Woodlawn Plantation presents needlework exhibit


February 27, 1994|By Dorothy Fleetwood | Dorothy Fleetwood,Contributing Writer

The Woodlawn Plantation Needlework Exhibition not only has the distinction of being America's oldest and largest needlework exposition, but this year it has been voted one of the top 20 events in the Southeast by the Southeast Tourism Board. It opens on Saturday and runs through March 27 at Woodlawn, home of Martha Washington's granddaughter, Nelly Custis Lewis, in Alexandria, Va.

"A Stitch in Time" is the theme of the show, which attracts more than 1,000 entries from all over the United States and even from abroad. It is open to both amateur and professional needleworkers, whose work can be seen throughout the historic mansion. George Washington presented Woodlawn to Nelly as a wedding present when she married his nephew, Maj. Lawrence Lewis, in 1799. Nelly was an avid needleworker, and many of her pieces are in the museum's collection.

Nationally recognized judges will make their selections at the beginning of the week, and the list of winners will be posted on opening day. Categories include furniture, holiday decorations, home accessories, miniatures, personal accessories, pictures, pillows, religious works, rugs, samplers, apparel and wall hangings.

A highlight of the show is the exhibit from the Woodlawn Historic Collection. This is the first time the entire collection of the family's needle art has been displayed at the same time. You'll see work by Nelly Custis Lewis and by her daughter, Angela Lewis Conrad, 19th-century needlework tools and unfinished patterned needlework. The most memorable piece in the collection is the Anna Austin Mourning Picture, stitched in silk on silk with a background of oil on silk. When you stand right in front of the picture, you see a figure of a mourning husband and his dead wife, who leans against the monument. But when you view the picture from across the room, the leaning woman disappears and reappears as an angel perched in the tree watching over her husband.

Hours are 9:30 a.m. to 4:30 p.m. Admission is $5 for adults; $3.50 for seniors and students; free for under 5. Admission also includes daily demonstrations on weekdays of a wide range of needle arts. Luncheon will be served every day in the Woodlawn Pub between 11:30 a.m. and 2:30 p.m.

The plantation is at the intersection of Virginia Route 235S and U.S. 1 in Alexandria. For information, call (703) 780-4000.

Gunston Hall open house

Gunston Hall Plantation in Lorton, Va., will welcome the public free of charge to its open house today from 1 p.m. to 4 p.m.

Visitors can tour the home of George Mason, Revolutionary patriot and author of the Virginia Declaration of Rights, meet colonial characters and look in on activities that were part of plantation life more than 200 years ago. There will be open-hearth cooking demonstrations and laundry processing, and children can learn a game that was played during colonial times.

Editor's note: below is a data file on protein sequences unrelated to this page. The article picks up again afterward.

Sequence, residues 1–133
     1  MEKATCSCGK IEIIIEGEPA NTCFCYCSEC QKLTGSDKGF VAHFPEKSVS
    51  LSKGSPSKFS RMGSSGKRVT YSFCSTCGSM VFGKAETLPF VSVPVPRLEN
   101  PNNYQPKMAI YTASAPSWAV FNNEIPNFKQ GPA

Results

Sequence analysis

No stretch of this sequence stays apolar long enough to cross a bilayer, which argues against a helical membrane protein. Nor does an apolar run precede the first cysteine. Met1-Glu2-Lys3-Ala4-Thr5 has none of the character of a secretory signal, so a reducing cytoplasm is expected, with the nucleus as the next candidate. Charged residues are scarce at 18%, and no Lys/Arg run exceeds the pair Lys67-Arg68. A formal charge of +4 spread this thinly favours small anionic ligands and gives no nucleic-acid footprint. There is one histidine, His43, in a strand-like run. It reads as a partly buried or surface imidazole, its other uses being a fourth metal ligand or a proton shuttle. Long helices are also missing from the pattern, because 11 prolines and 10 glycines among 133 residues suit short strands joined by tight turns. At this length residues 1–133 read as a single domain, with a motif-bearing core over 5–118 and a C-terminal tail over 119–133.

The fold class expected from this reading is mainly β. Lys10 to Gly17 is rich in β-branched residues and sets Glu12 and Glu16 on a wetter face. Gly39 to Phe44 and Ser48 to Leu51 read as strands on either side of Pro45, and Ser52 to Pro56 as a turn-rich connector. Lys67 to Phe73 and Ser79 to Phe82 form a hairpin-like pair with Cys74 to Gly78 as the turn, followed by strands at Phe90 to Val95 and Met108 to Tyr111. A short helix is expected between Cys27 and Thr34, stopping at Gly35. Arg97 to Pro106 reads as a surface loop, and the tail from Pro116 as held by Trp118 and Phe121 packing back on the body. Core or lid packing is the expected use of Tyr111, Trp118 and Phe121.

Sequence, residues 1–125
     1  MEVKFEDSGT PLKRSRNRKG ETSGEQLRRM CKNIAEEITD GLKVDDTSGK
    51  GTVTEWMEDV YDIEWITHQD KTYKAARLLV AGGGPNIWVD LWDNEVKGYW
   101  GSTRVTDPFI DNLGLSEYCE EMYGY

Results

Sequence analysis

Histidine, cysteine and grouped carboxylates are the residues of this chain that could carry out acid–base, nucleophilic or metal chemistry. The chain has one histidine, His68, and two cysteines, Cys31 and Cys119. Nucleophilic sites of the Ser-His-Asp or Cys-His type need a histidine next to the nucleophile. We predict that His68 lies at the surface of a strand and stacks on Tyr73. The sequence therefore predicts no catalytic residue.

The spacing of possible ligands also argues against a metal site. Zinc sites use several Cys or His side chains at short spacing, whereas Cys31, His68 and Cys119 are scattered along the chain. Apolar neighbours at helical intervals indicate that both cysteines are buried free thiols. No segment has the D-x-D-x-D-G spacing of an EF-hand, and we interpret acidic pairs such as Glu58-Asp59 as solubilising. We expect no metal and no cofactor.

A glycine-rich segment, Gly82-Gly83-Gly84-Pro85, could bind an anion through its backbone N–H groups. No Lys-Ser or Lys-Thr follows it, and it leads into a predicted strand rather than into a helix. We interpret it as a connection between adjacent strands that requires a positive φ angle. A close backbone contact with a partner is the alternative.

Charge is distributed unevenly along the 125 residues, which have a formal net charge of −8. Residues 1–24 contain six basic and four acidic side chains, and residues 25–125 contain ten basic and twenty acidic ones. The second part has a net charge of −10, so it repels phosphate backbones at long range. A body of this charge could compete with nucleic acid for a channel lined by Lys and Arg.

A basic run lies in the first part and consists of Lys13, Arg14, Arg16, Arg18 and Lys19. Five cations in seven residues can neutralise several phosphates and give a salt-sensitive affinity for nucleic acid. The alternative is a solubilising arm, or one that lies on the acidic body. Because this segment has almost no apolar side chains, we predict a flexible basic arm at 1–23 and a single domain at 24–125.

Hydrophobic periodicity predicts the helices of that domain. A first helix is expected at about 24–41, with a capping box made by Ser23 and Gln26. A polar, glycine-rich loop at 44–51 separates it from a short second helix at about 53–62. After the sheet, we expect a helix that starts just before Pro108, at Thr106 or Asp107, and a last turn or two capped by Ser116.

Gunston Hall is 20 miles south of Washington and can be reached by Interstate 95 or U.S Route 1 to the Lorton exit. Call (703) 550-9220.

Women's History Month

* Women's History Month in March is noted by several sites in Virginia. Carter's Grove Plantation in Colonial Williamsburg will hold a forum commemorating five generations of women who lived on this 18th-century plantation. Through programs and a newly created tour, experiences of each of the five women will be revealed.

One of the women is socialite Molly McCrea who, along with her husband, was responsible for the plantation's rehabilitation. Their work began two years after John D. Rockefeller started restoration of Colonial Williamsburg; today Carter's Grove is part of the Colonial Williamsburg complex. The plantation includes a 750-acre estate; a Colonial-revival mansion; slave quarters; Wolstenholme Towne, the site of a 17th-century town discovered on the grounds; and the Winthrop Rockefeller Archaeology Museum.

The other women featured in the program are a 16th-century Native-American woman, a 17th-century English immigrant, an 18th-century plantation housewife and a late 19th-century black female sharecropper. Tours will be offered on Saturdays in March at 4:30 p.m. from the plantation's reception center.

Women are also the topic of Colonial Williamsburg's Winter Discovery Series this week from Tuesday to Saturday. Presentations range from a Native-American night gathering to a bride's arrival at the plantation by carriage.

Carter's Grove is eight miles east of Williamsburg on Route 60. It is open daily (except Monday) from mid-March through December from 9 a.m. to 5 p.m. Admission is by Colonial Williamsburg Good Neighbor Card, Patriot's Pass, Museums Ticket or a $12 single admission ticket. Call (800) HISTORY.

* Women of 18th- and early 19th-century Virginia will be honored in March at Stratford Hall Plantation, birthplace of Robert E. Lee. An exhibit, "I Am a Woman: I Spend My Time . . . " features rarely seen examples of clothing and accessories, handwork and art work from museum collections.

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